You could definitely do that, but it's not an ideal setup because you're locking your user's license and account to a single machine that can and will change. You could offer your users a better user experience (UX) by just letting them create normal email/password accounts, with which their license and machine would be associated with.
You would end up with a few user models (keeping it simple),
has_one :machine, :through => :license
has_one :user, :through => :license
allowing you to keep track of your users, their licenses and also the machines that they're allowed to use. You could add an attribute to your machine model so that you could store its "fingerprint" e.g. a MAC address may work well here. I've omitted other model attributes (such as a license's "key") for the sake of keeping it simple.
Now whenever your user purchases your product, you can create a new license for their user-account with no machines associated with it. Then when they boot up your product for the first time, you can grab the MAC address of their machine and associate it with the user's license (either in the background or interactively). Bam! Now you can periodically check if the current machine is licensed by sending a basic authenticated request containing the machine's MAC address to your licensing server, responding with the validation result.
Circling back to what I mentioned earlier about providing your users with a superior UX: you now have a way for them to log in using a normal email/password combination (which is what they're used to). From there, you could check their user-account to see if the current machine exists and is licensed. In the end, this is so much better for user on-boarding than requiring them to keep track of and input long cryptic license keys.
(And if you want to get even more user-friendly, you could let them add new machines and purchase additional licenses directly from within your product, because let's face it: they're going to get a new machine eventually and you should make it as easy as possible for them to keep using your product and give you money. Something like a dialog saying, "we noticed you're using a new machine, would you like to purchase a license for this one and/or deactivate an older machine?")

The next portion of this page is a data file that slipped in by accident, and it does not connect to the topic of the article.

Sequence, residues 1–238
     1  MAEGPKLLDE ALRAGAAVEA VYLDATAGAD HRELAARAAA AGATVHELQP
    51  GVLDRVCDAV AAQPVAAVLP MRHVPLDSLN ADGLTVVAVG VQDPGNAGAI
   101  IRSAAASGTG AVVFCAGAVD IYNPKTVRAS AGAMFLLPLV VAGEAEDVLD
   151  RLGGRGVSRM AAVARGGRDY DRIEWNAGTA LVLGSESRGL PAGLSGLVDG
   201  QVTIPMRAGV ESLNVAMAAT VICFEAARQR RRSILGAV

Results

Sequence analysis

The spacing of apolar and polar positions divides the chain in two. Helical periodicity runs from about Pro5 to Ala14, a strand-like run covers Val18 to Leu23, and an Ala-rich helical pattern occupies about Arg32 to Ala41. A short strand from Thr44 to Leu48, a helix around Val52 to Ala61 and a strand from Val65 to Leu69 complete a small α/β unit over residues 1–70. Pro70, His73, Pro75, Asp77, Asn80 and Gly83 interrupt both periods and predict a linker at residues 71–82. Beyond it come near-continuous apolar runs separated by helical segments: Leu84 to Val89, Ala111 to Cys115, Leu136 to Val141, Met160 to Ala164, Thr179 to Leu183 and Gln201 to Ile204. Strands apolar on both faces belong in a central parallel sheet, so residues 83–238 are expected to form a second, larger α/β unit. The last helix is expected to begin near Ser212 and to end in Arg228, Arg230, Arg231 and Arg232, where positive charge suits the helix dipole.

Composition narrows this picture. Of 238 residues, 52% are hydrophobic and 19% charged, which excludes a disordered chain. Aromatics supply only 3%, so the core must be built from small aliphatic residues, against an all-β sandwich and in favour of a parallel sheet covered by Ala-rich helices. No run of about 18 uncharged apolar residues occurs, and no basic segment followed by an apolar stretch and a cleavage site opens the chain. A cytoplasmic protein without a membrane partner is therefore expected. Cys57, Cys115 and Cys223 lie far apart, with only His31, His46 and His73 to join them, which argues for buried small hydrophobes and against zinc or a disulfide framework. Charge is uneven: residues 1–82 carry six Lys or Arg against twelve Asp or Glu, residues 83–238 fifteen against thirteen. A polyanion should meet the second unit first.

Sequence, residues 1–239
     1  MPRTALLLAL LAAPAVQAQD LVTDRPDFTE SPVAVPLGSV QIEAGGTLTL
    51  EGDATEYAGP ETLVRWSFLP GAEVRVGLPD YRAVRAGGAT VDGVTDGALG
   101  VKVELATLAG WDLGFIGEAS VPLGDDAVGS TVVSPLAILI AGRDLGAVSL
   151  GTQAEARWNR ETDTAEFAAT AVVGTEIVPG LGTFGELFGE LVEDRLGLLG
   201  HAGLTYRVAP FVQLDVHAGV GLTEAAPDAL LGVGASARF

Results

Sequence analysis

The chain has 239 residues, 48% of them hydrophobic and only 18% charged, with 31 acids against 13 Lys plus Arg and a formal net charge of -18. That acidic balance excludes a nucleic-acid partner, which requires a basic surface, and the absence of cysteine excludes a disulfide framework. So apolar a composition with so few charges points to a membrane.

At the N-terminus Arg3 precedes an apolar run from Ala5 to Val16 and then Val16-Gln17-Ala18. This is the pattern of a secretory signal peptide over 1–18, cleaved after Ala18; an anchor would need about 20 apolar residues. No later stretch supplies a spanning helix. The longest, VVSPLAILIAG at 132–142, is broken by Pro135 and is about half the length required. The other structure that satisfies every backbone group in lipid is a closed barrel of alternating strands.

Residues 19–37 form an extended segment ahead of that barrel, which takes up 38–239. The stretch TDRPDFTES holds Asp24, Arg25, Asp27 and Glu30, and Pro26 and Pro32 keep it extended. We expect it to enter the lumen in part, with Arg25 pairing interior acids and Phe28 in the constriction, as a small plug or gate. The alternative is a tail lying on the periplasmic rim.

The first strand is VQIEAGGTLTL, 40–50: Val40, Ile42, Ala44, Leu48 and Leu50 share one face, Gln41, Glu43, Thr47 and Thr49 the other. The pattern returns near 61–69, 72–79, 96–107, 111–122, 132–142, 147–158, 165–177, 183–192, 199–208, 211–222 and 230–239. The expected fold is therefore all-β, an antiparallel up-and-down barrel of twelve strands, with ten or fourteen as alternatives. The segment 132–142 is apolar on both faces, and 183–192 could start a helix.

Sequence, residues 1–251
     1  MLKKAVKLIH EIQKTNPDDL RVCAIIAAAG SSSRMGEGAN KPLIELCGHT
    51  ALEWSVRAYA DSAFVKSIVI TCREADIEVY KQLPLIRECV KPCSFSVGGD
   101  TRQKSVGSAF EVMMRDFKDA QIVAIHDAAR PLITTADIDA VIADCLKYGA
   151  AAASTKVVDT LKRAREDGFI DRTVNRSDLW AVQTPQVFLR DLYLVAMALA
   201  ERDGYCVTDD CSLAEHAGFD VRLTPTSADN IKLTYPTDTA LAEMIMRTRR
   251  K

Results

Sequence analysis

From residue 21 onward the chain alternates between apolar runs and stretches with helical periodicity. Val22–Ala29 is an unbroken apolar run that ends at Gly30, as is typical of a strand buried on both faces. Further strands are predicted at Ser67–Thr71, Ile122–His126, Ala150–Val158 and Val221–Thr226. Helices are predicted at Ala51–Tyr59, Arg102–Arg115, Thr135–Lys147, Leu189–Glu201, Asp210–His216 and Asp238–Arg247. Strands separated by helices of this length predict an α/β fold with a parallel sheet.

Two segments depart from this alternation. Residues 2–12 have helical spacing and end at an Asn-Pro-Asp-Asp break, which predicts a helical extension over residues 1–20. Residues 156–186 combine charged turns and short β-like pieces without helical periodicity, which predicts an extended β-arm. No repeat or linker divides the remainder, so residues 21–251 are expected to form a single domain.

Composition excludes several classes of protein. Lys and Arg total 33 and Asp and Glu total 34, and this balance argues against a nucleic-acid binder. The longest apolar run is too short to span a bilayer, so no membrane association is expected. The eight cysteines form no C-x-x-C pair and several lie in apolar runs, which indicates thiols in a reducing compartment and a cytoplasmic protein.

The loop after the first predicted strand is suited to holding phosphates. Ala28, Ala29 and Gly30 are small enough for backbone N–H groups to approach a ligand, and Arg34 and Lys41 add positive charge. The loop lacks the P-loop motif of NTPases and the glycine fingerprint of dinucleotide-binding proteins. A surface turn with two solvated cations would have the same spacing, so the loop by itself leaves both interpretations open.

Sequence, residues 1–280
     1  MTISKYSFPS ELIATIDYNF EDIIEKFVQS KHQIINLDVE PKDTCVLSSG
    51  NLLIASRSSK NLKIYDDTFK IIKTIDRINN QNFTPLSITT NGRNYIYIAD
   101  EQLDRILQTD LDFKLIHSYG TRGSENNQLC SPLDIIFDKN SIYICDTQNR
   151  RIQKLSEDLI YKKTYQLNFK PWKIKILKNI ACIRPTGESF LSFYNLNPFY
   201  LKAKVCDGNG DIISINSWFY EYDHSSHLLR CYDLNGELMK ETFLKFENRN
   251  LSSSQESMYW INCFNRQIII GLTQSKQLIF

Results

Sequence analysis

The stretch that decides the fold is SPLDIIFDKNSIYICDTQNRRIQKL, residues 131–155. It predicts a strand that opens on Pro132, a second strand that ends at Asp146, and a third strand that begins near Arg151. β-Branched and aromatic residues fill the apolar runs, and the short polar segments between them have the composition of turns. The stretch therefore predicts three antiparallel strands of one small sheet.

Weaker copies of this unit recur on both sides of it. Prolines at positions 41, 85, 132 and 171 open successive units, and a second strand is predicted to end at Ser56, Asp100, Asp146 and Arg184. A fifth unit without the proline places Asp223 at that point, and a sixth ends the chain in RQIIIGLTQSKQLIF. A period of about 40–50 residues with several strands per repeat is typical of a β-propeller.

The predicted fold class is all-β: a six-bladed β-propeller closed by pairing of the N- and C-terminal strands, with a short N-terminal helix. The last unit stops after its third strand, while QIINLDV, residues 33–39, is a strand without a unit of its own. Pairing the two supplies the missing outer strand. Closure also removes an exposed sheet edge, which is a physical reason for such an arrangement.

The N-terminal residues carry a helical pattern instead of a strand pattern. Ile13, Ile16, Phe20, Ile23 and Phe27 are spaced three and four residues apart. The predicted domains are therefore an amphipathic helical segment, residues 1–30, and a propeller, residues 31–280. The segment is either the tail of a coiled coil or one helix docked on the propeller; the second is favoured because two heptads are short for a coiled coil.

This is obviously starting to get rather complicated though, and we haven't even scratched the surface of things like allowing multiple licenses and machines per-user, floating licenses (one license for many machines—think: a team license), licenses for specific features in the product, or licenses that expire after a certain amount of time (e.g. maybe a limited trial).
Obviously, you don't need to implement all of that and you could keep it as simple as you need it to be. I just wanted to hit on a few issues I've experienced as well as a few thoughts on UX. I've built a few licensing API's and some were of course more complicated than others depending on the product and what type of user-base you're selling to.
Now with all of that said, most of the time developers just want to build their product and not have to worry about also building a licensing system for their product (which can take days or even weeks and in the end just delays your launch, which sucks).
So if you don't want to build your own solution, I built Keygen exactly for this purpose. Keygen is a flexible product licensing JSON API built for developers. Hopefully it provides a way for developers to ship their products sooner and not waste time building licensing servers.